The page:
Herman Miller Sitting Pretty

Herman Miller's pricey Aeron chairs epitomized the excesses of the dot-com boom. At that heady time, one could wait for months to get a chic chair from the furniture maker. But what a difference every part of your body (including your ego) could feel once you traded the old executive chair for the ergonomic Aeron! Its splendid and functional design fit the needs of a new generation coming of age. The resonating impact of Herman Miller's Aerons was worth the wait and the arguments with your accountant.

Herman Miller started up in the American Midwest between the two World Wars, and quickly focused on contemporary furniture designs. In recent years, the company has positioned itself as a main player in environment branding. "While many companies look at brand building as a marketing challenge alone," the website copy tells us, "others realize they have to live their brand, not just promote it. And the surest way to do that is by weaving brand building throughout the entire organization -- even the office environment." And you thought the company just made a great chair.

The company's global website has a whole series of attractive web pages for the United States, Europe and other regions of the world. As such, those websites are very centralized, which provides a great deal of homogeneity and coordination between the regional pages. The Japanese and Canadian site, for instance, gives a casual browser same feel. For those fluent in English, in particular, the website is an endless mine of information on design and Herman Miller products and concepts. It is, however, little more than an online brochure.

That said, the Herman Miller website is well aligned with the brand. It conveys the depth of attention to the functional as well as aesthetic benefits of the product. Although the weaving of international pages within the global site can at times be confusing, there are clear benefits for corporations to choose to go down that path, not the least of which because it provides a higher level of control over the brand. Paradoxically, the site's design is too conventional to get much emotion out of the visitor. It misses the opportunity to involve the visitor or at least to wrap her mind around the Herman Miller story.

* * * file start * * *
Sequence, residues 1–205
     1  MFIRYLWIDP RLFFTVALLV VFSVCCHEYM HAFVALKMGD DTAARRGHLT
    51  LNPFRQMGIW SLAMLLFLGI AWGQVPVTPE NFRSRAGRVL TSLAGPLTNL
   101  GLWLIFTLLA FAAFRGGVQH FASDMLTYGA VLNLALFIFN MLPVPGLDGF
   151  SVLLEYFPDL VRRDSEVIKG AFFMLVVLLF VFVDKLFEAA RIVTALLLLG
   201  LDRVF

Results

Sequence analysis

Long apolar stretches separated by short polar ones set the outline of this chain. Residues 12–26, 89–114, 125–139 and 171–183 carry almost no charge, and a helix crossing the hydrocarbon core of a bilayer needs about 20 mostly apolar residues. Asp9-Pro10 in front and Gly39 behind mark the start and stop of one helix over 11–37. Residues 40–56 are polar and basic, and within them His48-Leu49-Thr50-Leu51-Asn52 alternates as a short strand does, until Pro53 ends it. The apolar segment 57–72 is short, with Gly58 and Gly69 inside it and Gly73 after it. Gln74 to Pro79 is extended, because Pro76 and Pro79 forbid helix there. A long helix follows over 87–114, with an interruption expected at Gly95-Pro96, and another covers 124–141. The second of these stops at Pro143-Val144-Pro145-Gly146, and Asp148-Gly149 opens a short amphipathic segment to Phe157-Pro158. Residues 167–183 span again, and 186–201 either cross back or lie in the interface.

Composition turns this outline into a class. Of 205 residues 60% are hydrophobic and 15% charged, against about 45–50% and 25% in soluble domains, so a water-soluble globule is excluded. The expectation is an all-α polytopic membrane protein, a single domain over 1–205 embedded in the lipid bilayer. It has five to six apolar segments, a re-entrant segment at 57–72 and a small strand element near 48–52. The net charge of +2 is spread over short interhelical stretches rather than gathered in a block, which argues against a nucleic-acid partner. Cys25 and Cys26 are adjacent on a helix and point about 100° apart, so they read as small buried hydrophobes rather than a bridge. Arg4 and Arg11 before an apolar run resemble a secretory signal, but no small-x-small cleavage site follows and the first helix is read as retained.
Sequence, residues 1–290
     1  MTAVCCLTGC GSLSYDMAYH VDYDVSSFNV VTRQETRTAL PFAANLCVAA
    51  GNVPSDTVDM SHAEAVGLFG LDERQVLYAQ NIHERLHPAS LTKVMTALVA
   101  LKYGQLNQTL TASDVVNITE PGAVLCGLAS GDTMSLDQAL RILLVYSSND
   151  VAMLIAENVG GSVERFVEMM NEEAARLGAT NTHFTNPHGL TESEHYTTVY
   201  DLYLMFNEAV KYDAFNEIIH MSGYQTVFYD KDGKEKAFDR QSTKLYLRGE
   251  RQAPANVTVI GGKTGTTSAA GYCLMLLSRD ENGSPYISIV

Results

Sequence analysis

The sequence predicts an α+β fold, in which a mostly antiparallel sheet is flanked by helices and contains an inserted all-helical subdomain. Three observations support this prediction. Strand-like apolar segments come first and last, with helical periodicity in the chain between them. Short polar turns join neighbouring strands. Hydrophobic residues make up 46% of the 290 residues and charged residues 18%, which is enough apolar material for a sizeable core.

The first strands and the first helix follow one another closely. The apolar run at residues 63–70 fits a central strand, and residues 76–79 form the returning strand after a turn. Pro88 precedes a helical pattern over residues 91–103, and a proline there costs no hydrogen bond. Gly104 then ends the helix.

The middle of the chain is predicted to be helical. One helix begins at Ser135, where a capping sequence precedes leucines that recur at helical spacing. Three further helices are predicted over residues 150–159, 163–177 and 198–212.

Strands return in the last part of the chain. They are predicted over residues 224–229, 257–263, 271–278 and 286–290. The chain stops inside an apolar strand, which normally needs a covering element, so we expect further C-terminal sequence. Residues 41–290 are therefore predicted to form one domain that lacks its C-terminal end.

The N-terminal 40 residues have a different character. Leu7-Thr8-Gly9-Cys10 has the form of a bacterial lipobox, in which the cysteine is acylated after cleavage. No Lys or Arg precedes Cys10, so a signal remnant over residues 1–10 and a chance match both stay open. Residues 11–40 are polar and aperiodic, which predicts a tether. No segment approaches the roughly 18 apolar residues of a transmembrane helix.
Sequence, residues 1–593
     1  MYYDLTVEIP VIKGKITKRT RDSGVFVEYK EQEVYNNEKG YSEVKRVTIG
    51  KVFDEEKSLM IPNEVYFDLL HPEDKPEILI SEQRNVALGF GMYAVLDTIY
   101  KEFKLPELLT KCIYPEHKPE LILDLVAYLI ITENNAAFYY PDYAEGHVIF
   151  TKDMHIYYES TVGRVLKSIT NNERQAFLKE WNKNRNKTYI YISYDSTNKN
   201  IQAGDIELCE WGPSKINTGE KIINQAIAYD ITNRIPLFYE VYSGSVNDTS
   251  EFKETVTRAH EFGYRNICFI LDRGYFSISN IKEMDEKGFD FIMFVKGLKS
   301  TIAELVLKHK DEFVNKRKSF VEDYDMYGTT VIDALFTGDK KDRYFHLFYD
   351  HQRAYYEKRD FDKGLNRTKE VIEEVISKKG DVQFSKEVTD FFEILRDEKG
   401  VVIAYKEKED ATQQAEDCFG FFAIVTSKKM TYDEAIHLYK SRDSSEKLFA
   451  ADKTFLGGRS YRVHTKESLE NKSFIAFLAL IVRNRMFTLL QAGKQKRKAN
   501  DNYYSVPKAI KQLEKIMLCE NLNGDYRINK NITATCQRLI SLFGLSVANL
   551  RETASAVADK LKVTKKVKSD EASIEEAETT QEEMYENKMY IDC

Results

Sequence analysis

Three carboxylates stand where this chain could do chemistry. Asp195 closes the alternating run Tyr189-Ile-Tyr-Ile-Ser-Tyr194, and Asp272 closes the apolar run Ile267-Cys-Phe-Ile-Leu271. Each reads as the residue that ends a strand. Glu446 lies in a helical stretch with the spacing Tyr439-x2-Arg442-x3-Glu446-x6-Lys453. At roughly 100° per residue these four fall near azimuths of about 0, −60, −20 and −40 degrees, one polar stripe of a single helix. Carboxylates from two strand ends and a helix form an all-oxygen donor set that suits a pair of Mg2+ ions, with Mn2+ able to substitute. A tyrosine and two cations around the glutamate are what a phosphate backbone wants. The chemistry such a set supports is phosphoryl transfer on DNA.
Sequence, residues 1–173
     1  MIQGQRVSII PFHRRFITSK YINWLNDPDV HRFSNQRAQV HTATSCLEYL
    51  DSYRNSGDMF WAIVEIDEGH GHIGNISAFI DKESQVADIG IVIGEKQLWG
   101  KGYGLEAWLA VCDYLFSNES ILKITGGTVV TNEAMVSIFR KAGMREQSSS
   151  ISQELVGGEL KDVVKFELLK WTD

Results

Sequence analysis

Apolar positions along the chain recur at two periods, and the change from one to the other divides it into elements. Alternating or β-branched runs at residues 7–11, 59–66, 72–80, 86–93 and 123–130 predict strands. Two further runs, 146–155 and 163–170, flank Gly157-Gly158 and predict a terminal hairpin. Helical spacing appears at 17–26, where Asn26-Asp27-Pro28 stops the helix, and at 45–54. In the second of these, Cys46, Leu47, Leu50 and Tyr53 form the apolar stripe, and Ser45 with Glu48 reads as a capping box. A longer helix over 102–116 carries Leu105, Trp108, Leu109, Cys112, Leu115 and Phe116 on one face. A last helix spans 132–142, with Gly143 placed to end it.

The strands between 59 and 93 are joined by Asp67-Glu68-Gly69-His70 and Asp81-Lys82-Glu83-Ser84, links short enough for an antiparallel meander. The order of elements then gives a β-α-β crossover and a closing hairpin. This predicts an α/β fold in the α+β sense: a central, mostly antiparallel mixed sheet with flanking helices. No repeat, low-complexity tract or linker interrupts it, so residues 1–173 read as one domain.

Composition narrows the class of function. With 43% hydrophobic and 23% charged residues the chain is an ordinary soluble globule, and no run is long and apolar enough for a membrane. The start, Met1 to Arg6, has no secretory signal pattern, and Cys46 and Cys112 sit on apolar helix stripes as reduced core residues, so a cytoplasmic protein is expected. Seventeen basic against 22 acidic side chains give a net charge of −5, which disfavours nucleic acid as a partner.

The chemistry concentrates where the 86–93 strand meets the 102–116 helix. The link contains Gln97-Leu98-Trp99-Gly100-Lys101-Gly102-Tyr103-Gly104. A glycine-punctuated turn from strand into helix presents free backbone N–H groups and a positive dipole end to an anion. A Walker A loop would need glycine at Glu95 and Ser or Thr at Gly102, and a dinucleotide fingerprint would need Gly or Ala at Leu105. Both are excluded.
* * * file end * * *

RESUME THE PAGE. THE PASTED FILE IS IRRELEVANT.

Looking a little deeper, we delved into the web presence of Herman Miller Japan, Ltd. This wholly-owned subsidiary was set up almost 20 years ago, in 1988, and quickly merged with earlier sales operations that Isetan, a large Japanese retailer, had launched to distribute Herman Miller furniture in Japan.

The Japanese website is rather basic -- again, this is just a succinct online brochure -- but the home page gives prominence to Herman Miller's star designers. A largely red color banner introduces George Nelson, Charles and Ray Eames, and Bill Stumpf, and rolls over to display the graphite Mirra chair. Interestingly, a click on the banner -- whether depicting the chair or the designers -- leads to an e-commerce: the Mirra Chair Shopping Site. We had expected to learn more about those designers. They do have online bios, but those bios are not accessible from clicking through the front-page image.

Apart from this disconnect between the user's expectations and the site architect's navigational path, we applaud Herman Miller's decision to celebrate its designers. This speaks to the goal of Herman Miller to position itself as a suite of products that lend toward a complete environmental solution as opposed to just selling the one-off chair.